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Last Updated on 03 Mar 2017

Author: Maria-Gabriella Parissaki

CAPInv. 720: U-THR-010


i. Geographical area Thrace
ii. Region Propontic Thrace
iii. Site Perinthos


i. Association with unknown name U-THR-010


i. Date(s) ii AD


i. Source(s) I.Perinthos 57 (ii AD)
Note See also: Jaccottet II no. 36; GRA I 88‚ AGRW 65

In the printed version of I.Perinthos 57 one line (and one member) has been omitted (l. 12: Σωτήριχος Δάδα, Soterichos Dada, mentioned before Μηνόφιλος β’, Menophilos b’, of l. 13).
Online Resources I.Perinthos 57 and AGRW ID 2606
i.a. Source type(s) Epigraphic source(s)
i.b. Document(s) typology & language/script Sibylline oracle, followed by a list of names. The text is written in Greek.
ii. Source(s) provenance Perinthos, seen by Cyriacus of Ancona in 1444 AD built into the right side of the altar at Virgin Mary's church. No recorded autopsy since then; present whereabouts unknown.


ii. Leadership ἀρχιβούκολος, archiboukolos (l. 6), on the ground that he is mentioned first in a group of three persons bearing titles.
iv. Officials ἀρχιμύστης archimystes (l. 8)
σπείραρχος, speirarchos (l. 9)
Eponymous officials ἀρχιμύστης archimystes (l. 8), on the ground that his name is mentioned in the genitive, though after that of the archiboukolos.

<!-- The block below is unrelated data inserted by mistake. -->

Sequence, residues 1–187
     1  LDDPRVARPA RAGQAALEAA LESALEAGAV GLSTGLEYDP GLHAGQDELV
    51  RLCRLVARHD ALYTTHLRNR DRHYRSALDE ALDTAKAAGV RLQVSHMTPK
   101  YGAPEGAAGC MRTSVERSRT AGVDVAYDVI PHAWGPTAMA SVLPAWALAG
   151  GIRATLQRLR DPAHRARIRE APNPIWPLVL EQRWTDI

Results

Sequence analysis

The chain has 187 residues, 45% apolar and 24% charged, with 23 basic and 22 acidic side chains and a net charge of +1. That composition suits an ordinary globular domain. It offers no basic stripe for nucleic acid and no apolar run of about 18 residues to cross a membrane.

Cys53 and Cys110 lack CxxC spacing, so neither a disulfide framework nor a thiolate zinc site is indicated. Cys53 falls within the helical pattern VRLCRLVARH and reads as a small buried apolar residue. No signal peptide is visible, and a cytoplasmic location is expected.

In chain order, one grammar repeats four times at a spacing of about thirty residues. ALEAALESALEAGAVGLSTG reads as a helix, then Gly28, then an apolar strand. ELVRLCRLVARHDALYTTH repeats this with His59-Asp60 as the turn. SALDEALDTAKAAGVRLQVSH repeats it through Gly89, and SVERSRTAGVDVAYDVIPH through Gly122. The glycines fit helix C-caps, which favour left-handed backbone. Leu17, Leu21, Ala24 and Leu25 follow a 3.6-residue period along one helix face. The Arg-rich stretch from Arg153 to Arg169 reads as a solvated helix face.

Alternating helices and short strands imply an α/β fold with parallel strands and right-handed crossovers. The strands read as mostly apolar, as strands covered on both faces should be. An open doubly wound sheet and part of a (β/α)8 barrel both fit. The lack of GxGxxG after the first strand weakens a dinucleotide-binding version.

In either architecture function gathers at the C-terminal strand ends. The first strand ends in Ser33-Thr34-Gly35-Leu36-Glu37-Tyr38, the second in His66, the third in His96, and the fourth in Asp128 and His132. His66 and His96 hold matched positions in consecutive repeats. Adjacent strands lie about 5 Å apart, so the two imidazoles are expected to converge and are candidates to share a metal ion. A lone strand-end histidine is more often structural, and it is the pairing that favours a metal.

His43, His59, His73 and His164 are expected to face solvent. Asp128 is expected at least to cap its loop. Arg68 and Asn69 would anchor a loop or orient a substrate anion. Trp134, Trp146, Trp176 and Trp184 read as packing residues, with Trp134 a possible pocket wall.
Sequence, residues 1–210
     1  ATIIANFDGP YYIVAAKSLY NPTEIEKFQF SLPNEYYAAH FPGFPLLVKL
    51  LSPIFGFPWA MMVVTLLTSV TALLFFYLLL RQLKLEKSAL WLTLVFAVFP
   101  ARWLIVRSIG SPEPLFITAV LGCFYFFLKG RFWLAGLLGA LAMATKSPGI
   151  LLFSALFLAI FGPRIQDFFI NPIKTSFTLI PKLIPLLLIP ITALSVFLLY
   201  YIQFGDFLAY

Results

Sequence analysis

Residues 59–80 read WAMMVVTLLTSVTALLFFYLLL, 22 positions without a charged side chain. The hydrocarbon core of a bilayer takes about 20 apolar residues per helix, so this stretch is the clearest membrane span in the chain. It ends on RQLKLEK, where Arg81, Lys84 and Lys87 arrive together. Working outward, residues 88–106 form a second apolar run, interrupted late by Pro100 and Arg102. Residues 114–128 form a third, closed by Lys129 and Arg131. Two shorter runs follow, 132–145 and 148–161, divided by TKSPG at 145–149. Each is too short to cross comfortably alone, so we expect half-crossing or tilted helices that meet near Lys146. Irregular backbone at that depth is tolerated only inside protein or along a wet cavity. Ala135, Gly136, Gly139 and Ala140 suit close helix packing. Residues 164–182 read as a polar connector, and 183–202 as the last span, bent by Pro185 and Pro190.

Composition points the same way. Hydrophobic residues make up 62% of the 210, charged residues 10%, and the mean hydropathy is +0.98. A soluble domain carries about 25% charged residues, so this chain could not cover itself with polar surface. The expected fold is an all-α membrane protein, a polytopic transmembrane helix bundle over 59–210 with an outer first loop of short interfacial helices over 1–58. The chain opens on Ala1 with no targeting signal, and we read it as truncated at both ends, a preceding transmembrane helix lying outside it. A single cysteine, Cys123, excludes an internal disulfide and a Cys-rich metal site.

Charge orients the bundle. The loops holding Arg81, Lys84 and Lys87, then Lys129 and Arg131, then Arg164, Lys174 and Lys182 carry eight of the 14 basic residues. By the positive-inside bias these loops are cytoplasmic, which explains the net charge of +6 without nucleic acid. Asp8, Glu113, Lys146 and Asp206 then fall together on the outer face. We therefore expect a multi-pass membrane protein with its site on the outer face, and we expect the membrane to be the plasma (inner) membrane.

i. Number Six persons mentioned by name, three with titles (see above, sectionVII.ii and iv) and four without. The list may have been initially longer, as suggested by Sayar, I.Perinthos p. 238. Jaccottet (2003: 76) also suggests that this must have been a much larger association.
ii. Gender Men
Note On the evidence of those mentioned by name in the text; but the presence of women should not be excluded (Jaccottet 2003: 76).


iii. Worship The sibylline oracle at the beginning of the text has been interpreted as describing some kind of initiation ritual, though its interpretation is hindered not only by the cryptic language common to oracles but also by the specific difficulties raised by Cyriacus' facsimile; thus the ΠΛΗΣΤΑ, PLESTA, given by him has been restituted as πλησ[θήσ]ετα[ι], ples[thes]eta[i], by Dumont, πλανήσεται, planesetai by Mommsen or πληγήσεται, plegesetai, by Sayar. As things stand, it is generally believed that this ritual started with the initiate -referred to as Βάκχος-, Bakchos- crying εὐοί, euoi, a ritual cry connected to the cult of Dionysos, and ended with the mixing of blood, fire and ash. For an analysis of the text and the ritual described, see Jaccottet 2003: 75-6 and Kloppenborg and Ascough 2011: 398.
Deities worshipped Dionysos (ll. 2-3: Βάκχος, Bakchos)


i. Comments The date is tentatively suggested by Jaccottet 2003: 73.
ii. Poland concordance Poland B 70
Poland B 71
iii. Bibliography Jaccottet, Fr. (2003), Choisir Dionysos: Les associations dionysiaques ou la face cachée du dionysisme. 2 vols. Zürich: 74-6, no. 36.
Kloppenborg, J.S., and Ascough, R.S. (2011), Greco-Roman Associations: Texts, Translations, and Commentary. I. Attica, Central Greece, Macedonia, Thrace. Göttingen: 395-98, no. 88.


i. Private association Certain
Note No name and no descriptive term for this association occurs in the text; but the Βάκχος, Bakchos (ll. 2-3), mentioned in the sibylline oracle and the title σπείραρχος, speirarchos (l. 9), bore by one of the members indicate that this was an association devoted to the cult of Dionysos.